By Samson Echenim
The need to raise investment in the indigenous shipping industry, through improved financing and means to enhance shipping capacity in Nigeria has propelled the country’s ship owners, under the auspices of Ship Owners Association of Nigeria (SOAN) to initiate a shipping expo exhibition.
Mkgeorge Onyung, president of SOAN recently at a press briefing in Lagos, announced the fine-tuning of the shipping expo exhibition, whose delivery will create significant employment and investment opportunities.
Themed, “The Ocean Blue Economy and National Development”, Onyung said the Lagos International Shipping Expo scheduled to hold on November 27 and 28, had been structured to enable Nigerians explore opportunities in the blue economy, as well as genuinely boost the nation’s economy.
Although he lauded moves by the Nigerian Maritime Administration and Safety Agency (NIMASA), to end waivers on foreign vessels operating in Nigeria’s cabotage trading, the SOAN boss expressed dissatisfaction with the condition of indigenous ship owners, saying that despite bearing the huge chunk of the risks in the industry, the ship owners were yet to be reckoned with in the maritime industry.
“We are taking our business in a new dimension. As Nigerian ship owners, we have decided to entrench a culture of proactive capacity building and acquisition, as we see this as the most vibrant approach towards taking the country to the next level,” he said.
Onyung stressed that Nigeria has the capacity to maintain some of the world’s shipbuilding and repair yards, adding that there was a need to “open up for acquisition.”
“Within the next five years, the Nigerian content will be in the region of $3.5 billion and in order to enjoy these benefits, we need to upgrade our capacity. The upcoming conference will open opportunities to collaborate toward shipbuilding opportunities in Nigeria,” Onyung noted.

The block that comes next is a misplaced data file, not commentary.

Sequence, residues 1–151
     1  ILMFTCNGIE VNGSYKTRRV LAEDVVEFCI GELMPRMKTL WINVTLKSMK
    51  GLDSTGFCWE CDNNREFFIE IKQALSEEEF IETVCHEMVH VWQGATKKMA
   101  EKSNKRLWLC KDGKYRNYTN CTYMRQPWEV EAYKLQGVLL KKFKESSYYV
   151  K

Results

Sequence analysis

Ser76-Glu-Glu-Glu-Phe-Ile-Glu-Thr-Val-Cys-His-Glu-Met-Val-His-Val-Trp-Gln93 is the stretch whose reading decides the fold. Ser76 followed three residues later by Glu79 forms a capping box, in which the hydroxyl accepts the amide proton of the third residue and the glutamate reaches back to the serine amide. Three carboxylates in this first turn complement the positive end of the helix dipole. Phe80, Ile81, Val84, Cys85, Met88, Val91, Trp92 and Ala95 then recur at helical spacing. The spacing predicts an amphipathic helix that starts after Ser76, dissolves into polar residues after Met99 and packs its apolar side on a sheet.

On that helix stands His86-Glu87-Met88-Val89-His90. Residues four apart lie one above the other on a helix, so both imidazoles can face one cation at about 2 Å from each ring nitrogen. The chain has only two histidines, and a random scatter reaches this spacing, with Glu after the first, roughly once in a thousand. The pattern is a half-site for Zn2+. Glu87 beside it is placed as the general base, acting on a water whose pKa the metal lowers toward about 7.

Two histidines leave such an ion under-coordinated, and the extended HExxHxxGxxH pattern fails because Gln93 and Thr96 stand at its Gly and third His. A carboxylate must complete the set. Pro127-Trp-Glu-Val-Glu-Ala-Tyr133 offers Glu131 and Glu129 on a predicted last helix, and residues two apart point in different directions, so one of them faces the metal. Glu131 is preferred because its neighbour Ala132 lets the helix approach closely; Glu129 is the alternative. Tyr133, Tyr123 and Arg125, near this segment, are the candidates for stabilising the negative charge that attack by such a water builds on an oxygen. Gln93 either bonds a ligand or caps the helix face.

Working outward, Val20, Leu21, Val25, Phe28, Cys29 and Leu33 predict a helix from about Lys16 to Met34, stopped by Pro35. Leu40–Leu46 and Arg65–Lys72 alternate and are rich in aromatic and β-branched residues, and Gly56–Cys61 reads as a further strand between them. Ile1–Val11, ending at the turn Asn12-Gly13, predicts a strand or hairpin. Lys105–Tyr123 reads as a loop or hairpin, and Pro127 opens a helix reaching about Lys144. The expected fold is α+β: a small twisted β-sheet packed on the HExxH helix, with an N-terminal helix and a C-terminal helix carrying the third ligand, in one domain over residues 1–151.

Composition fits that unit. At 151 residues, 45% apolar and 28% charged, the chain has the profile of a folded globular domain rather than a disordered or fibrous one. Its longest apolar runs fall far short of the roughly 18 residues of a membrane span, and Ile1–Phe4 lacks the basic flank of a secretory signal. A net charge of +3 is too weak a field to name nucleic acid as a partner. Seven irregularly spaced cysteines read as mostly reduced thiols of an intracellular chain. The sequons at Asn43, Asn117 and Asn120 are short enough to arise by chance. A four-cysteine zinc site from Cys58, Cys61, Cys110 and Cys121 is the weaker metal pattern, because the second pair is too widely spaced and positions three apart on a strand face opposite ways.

He continued, “We are not happy watching many countries with lesser capacity doing far better with their maritime and shipping than Nigeria. If Singapore which has no steel rolling mills, is still able to build ships, why not Nigeria? Rome was not built in a day, but we also know it was not built in a million years. We the ship owners are now ready and determined to assist the implementation of the Cabotage law.
“Our Cabotage law has been with us for 15 years now; we’ll see it as contribution to ensuring that we open the doors for people to understand what cabotage really means and the opportunities in it. NIMASA has established a committee between the agency and stakeholders to look into the challenges affecting the waivers in the last five years.”
He said the association was working toward decongesting the Lagos ports by reviving the other ports in the country to create more jobs for Nigerians.
With Nigeria blessed with over 840 kiloliters of nautical miles of coastline and nearly 10,000 kilometers of inland water ways, the ship owner said that if Norwegians who annually had their waters frozen for eight months still owned as much as about 20 percent of internationally trading ships, then Nigeria with fresh waters all through the year has no excuse for not committing to serious manpower development and ship acquisition.